5. You Might Get “Acne Mechanica”


Notice more pimples on your face or acne across your chest or back after working out? This is yet another side effect of a new fitness routine, especially if you sweat a lot in fitted workout clothes. “Acne is more likely to occur when there is friction on your skin from sweating while wearing tight clothing, headbands, or hats,” Hamlin says. “This is called acne mechanica.”

Basically, when your tight sports bra or workout shirt rubs against your skin, it pushes sweat into your pores, which then become clogged and inflamed. To minimize your risk of exercise-related breakouts, Hamlin recommends wearing looser workout gear and showering ASAP post-exercise.

6. You’ll Need To Sleep More


Get into an exercise groove and you may notice that your sleep habits start to change. “Typically, sleep will be improved in quality and duration from exercise,” Hamlin says. “Putting your body through challenging movement will increase the need for recovery, which will help give you a deeper and longer night's rest.”

7. You May Struggle To Fall Asleep


On the flip side, a 2019 study found that doing a vigorous workout less than an hour before bed kept participants awake later into the night. “While working out may relax some people, doing a high-impact workout before bed can actually get your brain fired up and cortisol flowing, which may make it harder to fall asleep,” Puff tells Bustle.

8. You Might Get Your First Runner’s High


If you don’t work out regularly, you might not buy into the idea of a runner’s high, aka the blissful feeling some people claim to have after a long run. But start exercising more often, and you might just experience one for yourself.

“This is a high that you can get from large amounts of cardio work,” Hamlin says. “You will literally feel high, like everything is right in the world. The music in your headphones sounds better, people around you seem nicer, and the world feels the way it’s supposed to be.”

He notes this post-exercise “high” lasts for about an hour before it tapers off into a pleasant, mellow mood that often lasts all day. “This happens because, after large amounts of cardio, we get a massive endorphin rush,” Hamlin says. “It makes you feel great.”

9. Your Mind Will Feel Sharper


When you exercise, your brain immediately starts to function at a higher level because exercise causes increased blood flow to the brain. This is why exercise helps you feel more alert and focused, both during and after our workouts.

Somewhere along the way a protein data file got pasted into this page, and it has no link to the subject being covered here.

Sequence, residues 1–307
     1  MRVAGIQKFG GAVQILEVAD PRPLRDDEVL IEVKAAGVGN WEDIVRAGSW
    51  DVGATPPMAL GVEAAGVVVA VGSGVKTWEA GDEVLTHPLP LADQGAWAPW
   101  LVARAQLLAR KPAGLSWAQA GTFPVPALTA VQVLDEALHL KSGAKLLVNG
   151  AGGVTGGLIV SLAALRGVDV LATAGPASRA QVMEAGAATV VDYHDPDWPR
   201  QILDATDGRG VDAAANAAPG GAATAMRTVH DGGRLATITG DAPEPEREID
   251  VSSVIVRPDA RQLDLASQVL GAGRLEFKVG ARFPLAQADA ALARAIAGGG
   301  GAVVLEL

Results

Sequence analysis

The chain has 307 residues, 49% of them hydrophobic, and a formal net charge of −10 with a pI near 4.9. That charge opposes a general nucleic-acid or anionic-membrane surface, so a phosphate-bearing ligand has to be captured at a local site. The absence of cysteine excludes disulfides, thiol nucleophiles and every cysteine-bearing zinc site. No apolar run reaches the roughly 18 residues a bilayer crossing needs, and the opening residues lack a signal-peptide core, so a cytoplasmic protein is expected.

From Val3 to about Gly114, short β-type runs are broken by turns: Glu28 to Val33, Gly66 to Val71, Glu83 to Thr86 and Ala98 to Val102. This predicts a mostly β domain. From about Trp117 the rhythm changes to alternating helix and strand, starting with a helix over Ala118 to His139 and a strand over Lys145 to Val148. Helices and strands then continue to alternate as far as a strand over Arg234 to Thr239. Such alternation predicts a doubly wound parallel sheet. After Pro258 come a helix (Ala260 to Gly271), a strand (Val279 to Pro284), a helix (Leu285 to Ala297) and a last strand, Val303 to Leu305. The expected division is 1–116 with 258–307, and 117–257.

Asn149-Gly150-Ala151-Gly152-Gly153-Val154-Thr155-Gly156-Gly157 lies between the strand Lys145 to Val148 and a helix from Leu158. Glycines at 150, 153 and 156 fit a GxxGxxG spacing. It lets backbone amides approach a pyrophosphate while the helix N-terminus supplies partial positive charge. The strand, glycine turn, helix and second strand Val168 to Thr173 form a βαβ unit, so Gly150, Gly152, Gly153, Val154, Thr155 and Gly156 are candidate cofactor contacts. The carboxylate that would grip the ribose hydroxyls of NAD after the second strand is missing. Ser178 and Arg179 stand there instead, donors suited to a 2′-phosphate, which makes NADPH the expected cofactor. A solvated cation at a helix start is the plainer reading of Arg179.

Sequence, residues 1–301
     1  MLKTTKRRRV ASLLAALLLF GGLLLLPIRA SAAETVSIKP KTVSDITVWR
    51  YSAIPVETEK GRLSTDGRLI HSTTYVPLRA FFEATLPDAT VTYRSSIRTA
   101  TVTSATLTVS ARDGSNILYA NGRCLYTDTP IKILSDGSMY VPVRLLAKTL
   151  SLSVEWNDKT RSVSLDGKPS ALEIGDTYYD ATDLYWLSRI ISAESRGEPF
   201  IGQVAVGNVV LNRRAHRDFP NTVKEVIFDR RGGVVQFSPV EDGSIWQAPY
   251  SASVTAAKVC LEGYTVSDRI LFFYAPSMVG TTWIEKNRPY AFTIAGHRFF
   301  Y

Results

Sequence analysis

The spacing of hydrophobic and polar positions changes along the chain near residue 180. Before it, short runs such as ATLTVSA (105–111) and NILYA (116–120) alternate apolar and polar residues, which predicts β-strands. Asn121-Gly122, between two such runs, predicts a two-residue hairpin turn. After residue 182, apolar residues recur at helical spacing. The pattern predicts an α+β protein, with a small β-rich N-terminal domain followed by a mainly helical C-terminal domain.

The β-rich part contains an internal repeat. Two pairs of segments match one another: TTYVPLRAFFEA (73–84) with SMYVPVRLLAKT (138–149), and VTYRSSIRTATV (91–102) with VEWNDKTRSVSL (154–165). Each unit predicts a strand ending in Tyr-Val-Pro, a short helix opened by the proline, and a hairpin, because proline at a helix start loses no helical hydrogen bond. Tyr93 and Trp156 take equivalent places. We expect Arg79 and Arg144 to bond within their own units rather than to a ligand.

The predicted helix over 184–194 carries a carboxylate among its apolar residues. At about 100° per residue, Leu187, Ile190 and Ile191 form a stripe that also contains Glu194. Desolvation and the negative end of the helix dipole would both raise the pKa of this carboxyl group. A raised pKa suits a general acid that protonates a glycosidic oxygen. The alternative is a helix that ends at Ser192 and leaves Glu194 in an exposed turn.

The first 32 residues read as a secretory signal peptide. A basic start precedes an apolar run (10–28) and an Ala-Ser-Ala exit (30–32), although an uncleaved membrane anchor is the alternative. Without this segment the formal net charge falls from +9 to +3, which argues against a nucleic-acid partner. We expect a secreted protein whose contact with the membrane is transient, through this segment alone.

Studies have also found a connection between increased exercise and improved mental health. It’s why even the gentlest of workouts, like a slow walk, are recommended as a mood-booster. Add it to the list of weird and wonderful ways your workout can impact your body and mind.

Studies referenced:

Chung, BD. (1999). Effect of increased fluid intake on stool output in normal healthy volunteers. J Clin Gastroenterol. doi: 10.1097/00004836-199901000-00006.

Dolezal, BA. (2017). Interrelationship between Sleep and Exercise: A Systematic Review. Adv Prev Med. doi: 10.1155/2017/1364387.

Gao, R. (2019). Exercise therapy in patients with constipation: a systematic review and meta-analysis of randomized controlled trials. Scand J Gastroenterol. doi: 10.1080/00365521.2019.1568544.

Hicks, SD. (2019). The Transcriptional Signature of a Runner's High. Med Sci Sports Exerc. doi: 10.1249/MSS.0000000000001865.

Hillman, CH. (2008). Be smart, exercise your heart: exercise effects on brain and cognition. Nat Rev Neurosci. doi: 10.1038/nrn2298.

Jiannine, LM. (2018). An investigation of the relationship between physical fitness, self-concept, and sexual functioning. J Educ Health Promot. doi: 10.4103/jehp.jehp_157_17.

Oettlé, GJ. (1991). Effect of moderate exercise on bowel habit. Gut. doi: 10.1136/gut.32.8.941.

Querido, JS. (2007). Regulation of cerebral blood flow during exercise. Sports Med. doi: 10.2165/00007256-200737090-00002.

Strid, H. (2011). Effect of heavy exercise on gastrointestinal transit in endurance athletes. Scandinavian Journal of Gastroenterology. doi: 10.3109/00365521.2011.558110.

Stutz, J. (2019). Effects of Evening Exercise on Sleep in Healthy Participants: A Systematic Review and Meta-Analysis. Sports Med. doi: 10.1007/s40279-018-1015-0.


Michael Hamlin, NSCA, CSCS, certified personal trainer, founder of Everflex Fitness

Chloe Puff, fitness coach, ACE-certified trainer